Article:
Run Commands on a Remote Computer [Quickest Steps]

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Key notes

  • If you are not around the computer you need to make some changes on, you can easily do it remotely using toe wmic tool.
  • The process is fairly easy but it requires knowledge of the target device's name, location, and the necessary command for the job.
  • We've prepared a helpful guide for you in order to simplify and reduce the time needed to complete such actions remotely.

The wmic tool can be used for a wide range of purposes and, luckily, also executing commands on remote devices is also among its many powers.

Although it might look like it for some, this is far from being rocket science, and it all comes down to knowing and inputting the right commands.

You will see, as we are about to show you in this article, that running commands on a remote computer using the wmic tool is a piece of cake.

We’re going to guide you through the entire process and share the necessary commands with you, so that you will have it for future reference.

How can I run a command on a remote computer with wmic?

Before we start, it is important to know that, to use this feature, you must have administrative permissions.

Furthermore, if you are also talking about sharing between the remote machines, the file/folder that you want to share must already exist on the target computer.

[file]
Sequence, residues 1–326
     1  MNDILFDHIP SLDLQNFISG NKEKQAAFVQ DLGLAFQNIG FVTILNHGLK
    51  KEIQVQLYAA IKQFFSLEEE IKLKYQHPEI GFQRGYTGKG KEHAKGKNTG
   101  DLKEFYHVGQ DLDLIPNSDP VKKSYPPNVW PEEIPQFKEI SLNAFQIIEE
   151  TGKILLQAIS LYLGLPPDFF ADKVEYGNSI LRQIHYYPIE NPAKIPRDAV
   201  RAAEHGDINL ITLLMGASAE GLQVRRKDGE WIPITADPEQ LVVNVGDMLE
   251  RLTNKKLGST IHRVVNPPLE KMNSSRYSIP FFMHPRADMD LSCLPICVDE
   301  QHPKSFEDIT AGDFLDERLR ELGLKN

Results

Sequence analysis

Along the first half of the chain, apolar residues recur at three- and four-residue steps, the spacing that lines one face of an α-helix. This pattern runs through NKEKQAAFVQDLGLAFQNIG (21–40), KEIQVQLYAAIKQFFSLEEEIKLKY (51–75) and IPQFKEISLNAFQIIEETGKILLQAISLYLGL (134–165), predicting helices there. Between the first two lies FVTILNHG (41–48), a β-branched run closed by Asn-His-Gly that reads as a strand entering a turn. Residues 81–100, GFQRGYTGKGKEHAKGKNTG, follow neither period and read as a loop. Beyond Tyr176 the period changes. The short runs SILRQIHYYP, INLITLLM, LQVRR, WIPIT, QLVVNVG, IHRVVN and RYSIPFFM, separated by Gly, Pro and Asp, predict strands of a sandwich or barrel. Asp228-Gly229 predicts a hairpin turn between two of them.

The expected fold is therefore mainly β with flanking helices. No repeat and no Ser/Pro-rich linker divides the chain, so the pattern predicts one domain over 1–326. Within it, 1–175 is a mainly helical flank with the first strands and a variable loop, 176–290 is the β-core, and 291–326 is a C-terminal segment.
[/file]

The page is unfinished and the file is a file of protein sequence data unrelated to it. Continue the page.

We are going to use an example of a GPU update command on the target remote computer, to make sure you get the gist of the idea.

Thus, here’s what you need to do in order to successfully complete such a task:

  1. Press the Windows key, search for Command Prompt, and select Run as cmd as admin
  2. On the Command Prompt, type wmic, and then press Enter.wmic command
  3. Input the following command: WMIC /node:ComputerName process call create “cmd.exe /c GPUpdate.exe”remote wmic command
Note icon NOTE
As we said, this is only an example, and you can run whatever command you want. Just replace the computer name with the name of the remote device you are trying to access, and the update GPU command with the desired command instead.

And, to be safe keep the " around the computer’s name, as without the quotes, some characters seem to cause issues with this command.

It goes without saying that there is, however, a downside to using this method, because you can’t see the command execute or the results of the process if there was an error or unexpected result.

Don’t let that discourage you though, as many Windows users have been running such commands remotely for years and the problems were few and far apart.

Since we’re talking about wmic, other Windows users have reported dealing with access is denied, and alias not found errors, so we prepared some fixes for you.

Also, be sure to check out the list of commands for accessing all system information on your Windows device, just in case you need it.

If you are trying to use the wmic tool on Windows 11 and the system says it is not recognized, we can help you deal with that situation as well.

Was this article of help to you? Share your experience with us in the comments section below.

More about the topics: Windows 11 Software & Apps